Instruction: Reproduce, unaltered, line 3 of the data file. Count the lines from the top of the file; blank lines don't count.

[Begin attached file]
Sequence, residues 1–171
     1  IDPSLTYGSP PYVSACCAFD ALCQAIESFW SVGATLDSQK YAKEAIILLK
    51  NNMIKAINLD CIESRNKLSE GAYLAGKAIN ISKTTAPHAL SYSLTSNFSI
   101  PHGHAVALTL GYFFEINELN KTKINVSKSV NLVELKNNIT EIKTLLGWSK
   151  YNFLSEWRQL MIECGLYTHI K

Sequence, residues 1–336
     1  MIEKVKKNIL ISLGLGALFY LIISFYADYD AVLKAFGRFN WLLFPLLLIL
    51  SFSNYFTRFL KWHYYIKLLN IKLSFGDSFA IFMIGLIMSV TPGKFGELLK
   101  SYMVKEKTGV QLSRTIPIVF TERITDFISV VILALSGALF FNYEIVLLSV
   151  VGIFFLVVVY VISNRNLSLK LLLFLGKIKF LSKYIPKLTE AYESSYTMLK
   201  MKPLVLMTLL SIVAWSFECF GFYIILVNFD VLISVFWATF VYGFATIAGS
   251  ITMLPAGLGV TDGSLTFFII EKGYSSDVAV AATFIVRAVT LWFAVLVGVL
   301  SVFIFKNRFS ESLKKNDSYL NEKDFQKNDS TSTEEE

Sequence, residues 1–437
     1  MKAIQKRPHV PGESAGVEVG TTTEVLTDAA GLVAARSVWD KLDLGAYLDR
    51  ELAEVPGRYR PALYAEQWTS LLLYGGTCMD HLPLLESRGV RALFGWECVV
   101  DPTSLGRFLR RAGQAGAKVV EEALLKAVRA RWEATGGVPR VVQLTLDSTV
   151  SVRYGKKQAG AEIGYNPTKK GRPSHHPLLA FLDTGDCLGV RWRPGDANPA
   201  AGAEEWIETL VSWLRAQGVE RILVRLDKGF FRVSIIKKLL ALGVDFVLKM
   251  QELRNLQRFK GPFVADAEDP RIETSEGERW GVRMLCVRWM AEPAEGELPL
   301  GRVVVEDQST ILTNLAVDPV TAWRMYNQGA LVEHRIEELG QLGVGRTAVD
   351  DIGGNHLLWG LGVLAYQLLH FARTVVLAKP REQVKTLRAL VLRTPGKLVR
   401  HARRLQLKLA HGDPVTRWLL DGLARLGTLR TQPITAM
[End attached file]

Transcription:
    51  NNMIKAINLD CIESRNKLSE GAYLAGKAIN ISKTTAPHAL SYSLTSNFSI